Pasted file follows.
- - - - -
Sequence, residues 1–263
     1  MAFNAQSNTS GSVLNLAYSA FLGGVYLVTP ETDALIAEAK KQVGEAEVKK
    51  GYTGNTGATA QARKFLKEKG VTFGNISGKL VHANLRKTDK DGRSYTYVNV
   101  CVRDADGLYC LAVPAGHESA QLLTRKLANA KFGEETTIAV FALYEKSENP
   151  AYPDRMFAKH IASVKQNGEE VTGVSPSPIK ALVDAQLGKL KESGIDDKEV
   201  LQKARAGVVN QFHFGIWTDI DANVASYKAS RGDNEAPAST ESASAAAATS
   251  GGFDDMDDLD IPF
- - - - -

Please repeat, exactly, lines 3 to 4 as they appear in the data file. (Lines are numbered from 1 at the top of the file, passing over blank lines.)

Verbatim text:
    51  GYTGNTGATA QARKFLKEKG VTFGNISGKL VHANLRKTDK DGRSYTYVNV
   101  CVRDADGLYC LAVPAGHESA QLLTRKLANA KFGEETTIAV FALYEKSENP